components traditionally associated with usability, such as emotions elicited via interaction with the
system, will be instead considered in the engage-ability section of this book (Chapter 12). Again,
this list of pillars is mostly meant to facilitate a common language and framework within the game
studio, so that every developer can be empowered to participate in improving the game UX, should
they be interested in doing so.

11.2.1 Signs and Feedback

This pillar is similar to the visibility of system status heuristic from Jakob Nielsen (1994).
However, none of the game developers Ive worked with use this vocabulary. What they often use
instead are the terms cues, signs, and feedback. The signs in a video game refer to all the
visual, audio, and haptic cues that inform players about what is going on in the game (i.e., informative
signs) or that encourage players to execute a specific action (i.e., inviting signs). Signs have specific
meanings, and they communicate specific information to players who decode them. In semiotics, a
sign has a specific form (i.e., signifier) and a meaning (i.e., the signified), but in game development,
we mostly talk about signs (or cues) having a specific form to inform about a function (see the form
follows function pillar that follows). Feedback is a specific type of sign providing a perceptible
reaction of the system to the players action.

Informative signs
Informative signs inform the player of a system state, such as the avatars level of health as
represented by a green bar or red hearts on the HUD (or sometimes directly on the character
model in the case of diegetic signs). The HUD is comprised of a multitude of such informative
signs telling players about, for example, their stamina level, their ammunition level, their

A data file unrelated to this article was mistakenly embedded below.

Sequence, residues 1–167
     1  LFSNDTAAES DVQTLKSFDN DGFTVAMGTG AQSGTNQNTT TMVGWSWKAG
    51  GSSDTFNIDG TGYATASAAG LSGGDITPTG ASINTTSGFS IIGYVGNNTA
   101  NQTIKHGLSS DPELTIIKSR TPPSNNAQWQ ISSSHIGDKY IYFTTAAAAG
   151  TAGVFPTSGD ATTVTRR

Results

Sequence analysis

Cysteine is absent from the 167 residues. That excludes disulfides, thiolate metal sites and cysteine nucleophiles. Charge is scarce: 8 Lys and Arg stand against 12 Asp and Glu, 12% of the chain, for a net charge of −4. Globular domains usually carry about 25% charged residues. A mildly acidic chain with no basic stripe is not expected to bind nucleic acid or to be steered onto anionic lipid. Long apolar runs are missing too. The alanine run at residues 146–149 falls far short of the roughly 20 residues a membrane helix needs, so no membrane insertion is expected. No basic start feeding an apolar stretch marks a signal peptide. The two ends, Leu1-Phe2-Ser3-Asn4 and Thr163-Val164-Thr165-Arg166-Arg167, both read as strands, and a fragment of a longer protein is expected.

weapon currently equipped, the current score, where they are on the map, what abilities they
can use, if some abilities are in cool down, and so on. Informative signs must be easily
perceptible, but they should not be intrusive or distract players attention for the main action
happening in the game. This is why informative signs are mostly on the HUD, in players
peripheral vision. Front-end menus also are comprised of numerous informative signs, mostly
in the form of text describing characters, equipment, skills, and so on, which help players
understand the game subtleties and make decisions (e.g., which should I buy next, skill A or
Inviting signs
Inviting signs aim to persuade players to accomplish certain actions. For example, a yellow
exclamation mark above a non-player character (also known as an NPC) may encourage the
player to interact with the NPC. Inviting signs in video games are designed to shape players
behaviors and to guide them. In most cases, inviting signs should draw players attention and
therefore should be salient to contrast with the game world. An exception would be when
inviting signs are purposely subtle, such as in A Link to the Past (Nintendo), where a subtle
crack in a wall indicates that the wall can be destroyed. Some informative signs can turn into
inviting signs when the state they express requires immediate attention. For example, when a
players health is low, the health bar could turn red and flashtherefore inviting the player to
regenerate their health (e.g., by taking a health potion or by moving away from combat if
health replenishes with time).
The feedback is a specific sign informing a player about the reaction of the system to the
players action. The animation of the avatar when the player uses the controller to move the
avatar forward is an example of a feedback. Another feedback would be the ammunition
number on the HUD, or on the weapon model, which is depleting as the player shoots. All
player actions should have immediate and appropriate feedback informing them of the
outcome of said actions. For example, in a fighting game such as the Tekken series (Bandai
Namco), when the player hits an enemy, one feedback is a visual effect at the collision. This
feedback informs players of the effectiveness of their blow: Its an exciting orange visual
effect if the blow hurt the enemy (see Figure 11.2) or a white halo if the blow was parried. It
is also important to give players feedback when they attempt to accomplish an invalid action.
For example, if they press a button that doesnt do anything, its a good practice to give a
subtle feedback, such as a short sound effect, informing them that the action is invalid so they